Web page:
Smokers sabotage mates who want to quit
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One in three smokers admitted sabotaging another person's attempt to quit, a new study has found.
The study by a pharmaceutical company found that jealousy
and guilt about their own habit and wanting a smoking "buddy" are among the reasons to wreck other people's quitting attempts.
The company collected data from 6,300 current and former
smokers and found that 31 per cent of smokers admit being
saboteurs, AAP reported.
The study also found that 72 per cent of smokers who have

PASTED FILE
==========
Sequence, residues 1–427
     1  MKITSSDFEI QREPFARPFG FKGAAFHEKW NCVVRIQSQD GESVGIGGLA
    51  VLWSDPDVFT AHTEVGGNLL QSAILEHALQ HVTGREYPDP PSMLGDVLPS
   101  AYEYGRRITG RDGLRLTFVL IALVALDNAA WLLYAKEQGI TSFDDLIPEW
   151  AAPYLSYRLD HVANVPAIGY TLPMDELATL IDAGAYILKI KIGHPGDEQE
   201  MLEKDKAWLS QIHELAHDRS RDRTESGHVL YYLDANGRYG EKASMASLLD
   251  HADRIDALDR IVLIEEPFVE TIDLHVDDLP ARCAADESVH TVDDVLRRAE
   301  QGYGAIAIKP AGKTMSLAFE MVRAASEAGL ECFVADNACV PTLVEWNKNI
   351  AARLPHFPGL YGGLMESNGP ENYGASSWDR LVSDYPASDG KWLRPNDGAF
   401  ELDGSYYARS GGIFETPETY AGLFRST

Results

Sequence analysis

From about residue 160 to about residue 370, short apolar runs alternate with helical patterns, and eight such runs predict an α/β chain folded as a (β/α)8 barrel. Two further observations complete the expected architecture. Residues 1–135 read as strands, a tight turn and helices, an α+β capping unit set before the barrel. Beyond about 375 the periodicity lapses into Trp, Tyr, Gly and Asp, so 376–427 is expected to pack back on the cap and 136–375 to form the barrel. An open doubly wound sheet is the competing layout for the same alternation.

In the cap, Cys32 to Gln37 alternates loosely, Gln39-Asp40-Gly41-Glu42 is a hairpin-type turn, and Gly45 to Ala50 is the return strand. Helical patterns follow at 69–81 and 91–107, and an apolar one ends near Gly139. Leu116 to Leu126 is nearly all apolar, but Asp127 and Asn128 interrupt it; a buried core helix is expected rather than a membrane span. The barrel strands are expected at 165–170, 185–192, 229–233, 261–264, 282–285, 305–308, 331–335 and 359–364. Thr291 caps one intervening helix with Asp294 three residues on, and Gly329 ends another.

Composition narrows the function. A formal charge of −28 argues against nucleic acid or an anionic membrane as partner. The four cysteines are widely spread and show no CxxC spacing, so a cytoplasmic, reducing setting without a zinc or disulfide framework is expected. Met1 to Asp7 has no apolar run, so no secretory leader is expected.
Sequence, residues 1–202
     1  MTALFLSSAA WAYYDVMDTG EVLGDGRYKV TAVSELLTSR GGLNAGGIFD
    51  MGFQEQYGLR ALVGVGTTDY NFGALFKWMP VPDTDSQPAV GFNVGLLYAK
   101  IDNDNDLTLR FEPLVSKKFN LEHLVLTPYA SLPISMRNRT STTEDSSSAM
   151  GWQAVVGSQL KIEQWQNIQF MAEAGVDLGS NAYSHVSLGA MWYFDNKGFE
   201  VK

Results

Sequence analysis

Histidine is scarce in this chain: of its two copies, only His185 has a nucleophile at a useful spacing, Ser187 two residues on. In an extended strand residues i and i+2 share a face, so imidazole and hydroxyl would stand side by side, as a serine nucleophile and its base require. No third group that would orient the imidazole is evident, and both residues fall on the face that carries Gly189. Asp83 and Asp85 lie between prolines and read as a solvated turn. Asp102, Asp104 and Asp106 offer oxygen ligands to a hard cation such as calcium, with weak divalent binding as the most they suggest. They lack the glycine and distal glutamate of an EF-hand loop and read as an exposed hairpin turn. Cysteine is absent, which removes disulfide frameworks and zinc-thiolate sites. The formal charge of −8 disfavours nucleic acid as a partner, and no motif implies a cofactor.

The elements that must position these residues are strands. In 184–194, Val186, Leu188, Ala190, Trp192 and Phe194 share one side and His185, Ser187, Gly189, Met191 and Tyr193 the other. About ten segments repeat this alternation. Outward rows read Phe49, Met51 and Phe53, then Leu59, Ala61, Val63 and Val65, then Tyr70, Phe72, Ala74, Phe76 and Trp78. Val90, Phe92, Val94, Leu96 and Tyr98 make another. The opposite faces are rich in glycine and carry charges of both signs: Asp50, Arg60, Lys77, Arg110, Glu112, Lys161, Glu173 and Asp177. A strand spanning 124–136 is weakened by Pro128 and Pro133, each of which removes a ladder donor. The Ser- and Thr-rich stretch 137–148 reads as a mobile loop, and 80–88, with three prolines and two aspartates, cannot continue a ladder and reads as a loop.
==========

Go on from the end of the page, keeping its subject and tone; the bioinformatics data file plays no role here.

tried to quit think someone has tried to ruin their attempts.
Majority of smokers said they tried to kick the habit at
least three times. One in five said they had tried five times
"Beating a smoking addiction is hard enough without the
negative influence of others around you casting doubt," the
London-based physician, Sarah Jarvis said.
"I want those who are motivated to give up smoking to be
aware that they don't have to go it alone and that there is
support available," said Jarvis.
"Even a brief conversation with their healthcare professional can increase their chances of success by up to four times, compared with going cold turkey," she added.
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